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How Fruit Fly's Fascinating Ability To Adapt To Climate Change Can Help Us Survive

Jul 07, 2016 02:20 AM EDT
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Fruit flies may be small but they can do big things for climate change research.

A recent study revealed that the fruit flies' ability to drastically change body temperature to adapt to the changing environment can help in further understanding how climate change affects insects and their habitat.

Canadian Press reported that Heath MacMillan, together with researchers in Canada, Switzerland and Japan, raised fruit flies (Drosophila melanogaster) from eggs through their maggot stage at a room temperature of 21 degrees Celsius. These insects transferred them to a 6-degrees-Celsius space when they reached the adult stage.

Most insects are ectotherms, meaning they are dependent on external sources of body heat, making temperature the biggest determining factor of their enduring lineage.

"Temperature is one of the strongest predictors of the global distribution of insect species," said MacMillan, as per Science Daily. "This is because temperature affects all aspects of insect physiology, and limits the ability of insects to move, eat and reproduce."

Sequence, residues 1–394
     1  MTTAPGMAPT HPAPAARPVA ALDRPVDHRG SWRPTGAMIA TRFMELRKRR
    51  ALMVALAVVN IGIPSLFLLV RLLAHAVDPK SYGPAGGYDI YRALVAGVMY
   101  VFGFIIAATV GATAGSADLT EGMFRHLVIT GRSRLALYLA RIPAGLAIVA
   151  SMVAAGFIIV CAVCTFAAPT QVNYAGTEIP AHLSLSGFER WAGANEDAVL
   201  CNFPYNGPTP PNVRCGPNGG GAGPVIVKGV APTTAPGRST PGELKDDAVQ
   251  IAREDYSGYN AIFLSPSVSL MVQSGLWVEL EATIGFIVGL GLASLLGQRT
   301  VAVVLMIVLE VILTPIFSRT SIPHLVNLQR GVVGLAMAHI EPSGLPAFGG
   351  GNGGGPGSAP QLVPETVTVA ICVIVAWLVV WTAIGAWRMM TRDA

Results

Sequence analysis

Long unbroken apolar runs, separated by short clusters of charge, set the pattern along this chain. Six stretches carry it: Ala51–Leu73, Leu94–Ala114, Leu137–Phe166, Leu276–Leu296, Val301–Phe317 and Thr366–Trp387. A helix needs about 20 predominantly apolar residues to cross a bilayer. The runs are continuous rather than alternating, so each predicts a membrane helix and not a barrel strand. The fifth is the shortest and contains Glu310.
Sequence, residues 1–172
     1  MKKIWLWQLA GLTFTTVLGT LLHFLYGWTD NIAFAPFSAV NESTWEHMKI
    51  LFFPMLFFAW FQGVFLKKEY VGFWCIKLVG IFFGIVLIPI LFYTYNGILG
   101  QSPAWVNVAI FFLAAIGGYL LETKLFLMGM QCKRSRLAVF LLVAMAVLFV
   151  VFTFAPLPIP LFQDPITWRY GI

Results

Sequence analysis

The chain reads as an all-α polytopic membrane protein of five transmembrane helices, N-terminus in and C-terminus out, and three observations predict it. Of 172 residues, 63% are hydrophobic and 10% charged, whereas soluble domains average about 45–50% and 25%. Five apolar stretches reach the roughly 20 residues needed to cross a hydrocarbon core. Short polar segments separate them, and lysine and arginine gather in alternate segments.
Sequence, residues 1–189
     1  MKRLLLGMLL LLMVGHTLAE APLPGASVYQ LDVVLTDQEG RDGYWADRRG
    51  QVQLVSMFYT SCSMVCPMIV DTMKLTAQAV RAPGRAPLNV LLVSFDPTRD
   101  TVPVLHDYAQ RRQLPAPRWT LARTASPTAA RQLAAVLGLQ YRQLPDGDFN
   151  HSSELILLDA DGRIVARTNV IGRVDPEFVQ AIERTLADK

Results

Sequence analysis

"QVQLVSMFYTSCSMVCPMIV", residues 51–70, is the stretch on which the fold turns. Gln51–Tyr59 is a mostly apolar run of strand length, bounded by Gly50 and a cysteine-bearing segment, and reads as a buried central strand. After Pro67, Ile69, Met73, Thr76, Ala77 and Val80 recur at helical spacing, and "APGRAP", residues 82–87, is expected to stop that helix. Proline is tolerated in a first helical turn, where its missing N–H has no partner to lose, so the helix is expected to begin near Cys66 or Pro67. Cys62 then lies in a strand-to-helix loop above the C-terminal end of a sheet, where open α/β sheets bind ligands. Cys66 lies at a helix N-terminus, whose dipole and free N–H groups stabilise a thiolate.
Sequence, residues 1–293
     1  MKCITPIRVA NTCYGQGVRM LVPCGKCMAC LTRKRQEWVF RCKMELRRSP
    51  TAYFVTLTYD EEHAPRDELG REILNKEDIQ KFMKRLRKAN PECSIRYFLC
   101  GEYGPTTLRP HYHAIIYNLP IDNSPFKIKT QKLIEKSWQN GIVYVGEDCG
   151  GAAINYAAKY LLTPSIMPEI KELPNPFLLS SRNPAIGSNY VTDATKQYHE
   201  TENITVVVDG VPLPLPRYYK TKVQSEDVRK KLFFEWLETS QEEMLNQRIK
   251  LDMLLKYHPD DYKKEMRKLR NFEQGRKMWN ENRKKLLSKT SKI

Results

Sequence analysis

After six days, the researchers found out how considerably their bodies adapted to the cold. Given that they already know the insects' adaptive capability, what amazed them is the extent of how they modified their physiology to adapt to the cold temperature.

"We saw nearly a third of the fly's genes increased or decreased in expression, and the abundance of roughly half of the metabolites changed at the same time," said Brent Sinclair, one of the researchers involved in the study.

"Many of the genes and metabolites we saw changing are in support of the current state of knowledge on insect cold tolerance, which is encouraging. However, a lot of what we saw was new and is providing us with some exciting paths forward," he added.

Insects represent more than 75 percent of all animal species, which is why understanding how they react to changes in the environment is necessary. Insects provide vital roles in delivery substantial ecosystem services, which means changes in their abundance and diversity have the potential to alter the services they provide. This can thus affect numerous populations and all other kinds of species on the planet.

Whether we like it or not, insects have an intimate bond with all living things on Earth and they play an important role in the global food chain. Because they pollinate more than 90 percent of the crops that we eat, their death would also mean the death of the human and animal population.

Understanding their ability to adapt to climate change means understanding how the organisms that depend on insects can survive.

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